Bits of Wisdom from Others

Posted on Tuesday, January 30, 2018 at 5:13 PM

Advice and perspective from unlikely sources.

By Peter P. Jacobi

If you are a regular reader of my monthly contributions, you know I quote a lot. That's because, when I come across a morsel or two of advice or a sample of something I benefited from reading, I want to share it, having recognized that you'll get information from someone I think is smarter than I am. Or from someone with a different and useful perspective. Or someone or some place that I never would have thought of as source and I believe you also might not.

Today, bits of that.

Minders and Reminders

For instance, one day recently, while waiting in the office of a doctor for one of the needs I have, I came upon a copy of Fast Company, a magazine I had seen before but never paid much attention to. It's about business and for those engaged in such, particularly in small companies and small-scale business efforts.

This particular copy (sorry I didn't jot down the date) had a theme: "Find Your Purpose Issue." I started to look through the pages and skimming the titles (because I knew I wouldn't be in the waiting room long enough to dig deeper). I realized that the story titles heralded ideas that those of us who edit and/or write might wish to keep in mind. Here are a few. Let your mind roam and see whether you agree they could be useful to you:

Follow your instincts. Stay restless. Find your own style. Experiment fearlessly. Nail the right tone. Think deeper. When you don't know what to do, try doing something. Believe in your mission. Discover your voice. Ditch distractions. Have purpose.

I think that's a terrific short list of minders and reminders. And somewhere in the issue, I found a quote of Jack Kerouac's: "Nothing behind me, everything ahead of me, as is ever so on the road." That's worth your consideration, too.

Learn. Follow. Make what you do easier and better.

Pay Attention

In the August 2017 issue of National Geographic Kids, read in my eye doctor's office, I came across a two-page story, "30 COOL Things About CITIES." I found out a number of things:

"The marble lions guarding the New York City Public Library are named Patience and Fortitude." "Rhesus macaques in New Delhi, India, often snatch eyeglasses and purses from pedestrians." "The bus station in La Paz, Bolivia, was designed by Gustave Eiffel, the same architect who built the Eiffel Tower and the Statue of Liberty." "Every night in Austin, Texas, more than 1.5 million bats fly out from under a bridge to eat insects." "Twenty miles of streets, shops, restaurants, and hotels lie underneath Montreal, Canada." "In Reykjavik, Iceland, heat for homes and businesses comes entirely from geothermal energy created by underground volcanic sources." "San Francisco City Hall in California sits on 530 washing-machine-size shock absorbers that help protect the building during earthquakes." Each tidbit comes in a box that features an appropriate photo.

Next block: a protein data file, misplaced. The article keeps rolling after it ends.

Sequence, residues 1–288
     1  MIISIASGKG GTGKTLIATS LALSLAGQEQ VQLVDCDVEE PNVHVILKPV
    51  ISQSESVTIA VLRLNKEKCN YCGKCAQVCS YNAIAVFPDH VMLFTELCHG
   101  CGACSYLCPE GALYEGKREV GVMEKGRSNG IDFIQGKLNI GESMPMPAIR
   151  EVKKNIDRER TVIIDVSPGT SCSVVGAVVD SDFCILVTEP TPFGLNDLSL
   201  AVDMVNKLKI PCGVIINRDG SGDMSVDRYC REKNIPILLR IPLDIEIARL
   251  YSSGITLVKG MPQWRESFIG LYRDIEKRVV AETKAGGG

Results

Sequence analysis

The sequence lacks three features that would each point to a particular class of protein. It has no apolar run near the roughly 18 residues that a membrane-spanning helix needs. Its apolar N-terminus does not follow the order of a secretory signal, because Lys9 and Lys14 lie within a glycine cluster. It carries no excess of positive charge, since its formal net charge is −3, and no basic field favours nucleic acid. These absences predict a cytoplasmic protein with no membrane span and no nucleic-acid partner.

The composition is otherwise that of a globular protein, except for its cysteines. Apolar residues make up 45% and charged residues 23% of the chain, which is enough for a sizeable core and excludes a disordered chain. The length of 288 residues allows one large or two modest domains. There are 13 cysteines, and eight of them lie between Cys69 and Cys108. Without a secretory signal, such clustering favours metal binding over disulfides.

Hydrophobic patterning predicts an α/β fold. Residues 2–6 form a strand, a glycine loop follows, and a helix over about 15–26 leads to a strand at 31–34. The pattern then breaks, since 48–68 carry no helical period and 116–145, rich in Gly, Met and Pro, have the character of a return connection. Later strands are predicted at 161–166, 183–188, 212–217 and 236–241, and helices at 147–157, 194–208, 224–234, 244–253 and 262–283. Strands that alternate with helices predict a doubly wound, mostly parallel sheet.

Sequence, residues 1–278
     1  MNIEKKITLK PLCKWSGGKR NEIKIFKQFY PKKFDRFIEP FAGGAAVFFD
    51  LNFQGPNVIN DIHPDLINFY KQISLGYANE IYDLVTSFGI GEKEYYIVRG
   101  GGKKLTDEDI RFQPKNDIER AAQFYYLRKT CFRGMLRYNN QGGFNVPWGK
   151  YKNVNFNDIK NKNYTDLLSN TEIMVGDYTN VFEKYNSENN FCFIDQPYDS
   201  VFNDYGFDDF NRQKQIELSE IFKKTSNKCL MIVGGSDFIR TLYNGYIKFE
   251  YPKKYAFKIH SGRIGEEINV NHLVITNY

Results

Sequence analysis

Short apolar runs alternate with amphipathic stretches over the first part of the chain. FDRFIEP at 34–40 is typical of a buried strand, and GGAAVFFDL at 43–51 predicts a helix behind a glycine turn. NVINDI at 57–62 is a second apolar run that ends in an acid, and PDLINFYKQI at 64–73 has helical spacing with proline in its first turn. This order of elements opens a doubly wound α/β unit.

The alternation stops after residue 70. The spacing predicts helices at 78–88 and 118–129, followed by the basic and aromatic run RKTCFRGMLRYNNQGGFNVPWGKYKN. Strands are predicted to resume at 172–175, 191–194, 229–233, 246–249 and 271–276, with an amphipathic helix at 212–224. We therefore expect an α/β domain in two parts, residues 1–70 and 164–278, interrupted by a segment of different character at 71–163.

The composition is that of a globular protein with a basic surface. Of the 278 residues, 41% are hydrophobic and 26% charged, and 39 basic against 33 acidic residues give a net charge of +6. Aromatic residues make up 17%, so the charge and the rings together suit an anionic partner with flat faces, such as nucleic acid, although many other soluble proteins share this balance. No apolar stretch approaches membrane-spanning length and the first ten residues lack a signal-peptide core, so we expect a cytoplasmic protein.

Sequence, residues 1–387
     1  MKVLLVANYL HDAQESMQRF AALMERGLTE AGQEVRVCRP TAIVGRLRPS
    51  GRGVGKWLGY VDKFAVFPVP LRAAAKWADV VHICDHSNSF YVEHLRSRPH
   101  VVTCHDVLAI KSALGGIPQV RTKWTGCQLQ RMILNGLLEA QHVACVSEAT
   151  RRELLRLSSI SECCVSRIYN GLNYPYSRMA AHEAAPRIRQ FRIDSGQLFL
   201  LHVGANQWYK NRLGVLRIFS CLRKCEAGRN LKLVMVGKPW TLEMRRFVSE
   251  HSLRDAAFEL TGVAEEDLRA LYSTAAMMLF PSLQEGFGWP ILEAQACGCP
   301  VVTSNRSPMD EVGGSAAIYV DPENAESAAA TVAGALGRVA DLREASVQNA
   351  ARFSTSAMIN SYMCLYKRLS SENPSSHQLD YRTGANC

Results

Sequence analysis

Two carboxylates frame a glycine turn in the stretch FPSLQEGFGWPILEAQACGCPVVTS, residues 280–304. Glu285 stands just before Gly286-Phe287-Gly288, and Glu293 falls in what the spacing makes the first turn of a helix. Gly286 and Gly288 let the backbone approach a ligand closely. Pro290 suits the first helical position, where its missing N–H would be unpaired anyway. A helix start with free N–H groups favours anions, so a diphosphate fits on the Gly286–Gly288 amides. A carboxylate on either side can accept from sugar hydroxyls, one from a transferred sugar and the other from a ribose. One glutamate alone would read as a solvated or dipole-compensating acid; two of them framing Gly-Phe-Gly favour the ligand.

Such lists are not a new concept, of course, but think how you can use them in a way that serves your readers' purpose. Ideas are everywhere if you look for them. Look.

Lessons from the Times

For me, the New York Times is a take-home textbook. Writing, editing, and coverage are exemplary. Again, within its pages, the lessons are to be found where you might not be looking for them.

On page two of the paper's opening section, mid-page, you'll see "Inside the Times: The Story Behind the Story." Peruse the space. You'll discover lessons.

On September 27, 2017, for example, you'll find Stephen Hiltner's piece, "How a Critic Opens a Book." It consists of an interview with a new book critic for the newspaper, Parul Sehgal. Hiltner asks six cogent questions. One is: "At what point during reading a book do you feel that your opinion of it begins to consolidate?"

Sehgal answers: "It all comes together in the writing for me. The writing is the moment of sifting, of thinking. Before that, I just have a bunch of visceral responses. It's only when I sit down at the computer that I start to tweeze out actual thoughts and an argument." Is that how you work as editor? Or do you have another method? What works for you?

On October 21, 2017, an Ana Marie Cox byline follows the title, "At the Heart of a Celebrity Interview." She writes for herself and a personal approach to the task, this on the occasion of stepping down as the Times Magazine's Talk columnist.

Here's one tip she offers: "We journalists often confuse soliciting new information with wanting to understand a subject. Chasing after a showy quote or treating the interview like an interrogation is a power trip, but it doesn't mean you know your subject any better. My editors supported my decision to chase after introspection instead of scoops: I never wanted a truth that talk subjects had been keeping from the world, but, instead, one they'd also been keeping from themselves." A noble effort.

More another time.

Peter P. Jacobi is a Professor Emeritus at Indiana University. He is a writing and editing consultant for numerous associations and magazines, speech coach, and workshop leader for various institutions and corporations. He can be reached at 812-334-0063.

Add your comment.

Editors on 2018 Editorial Plans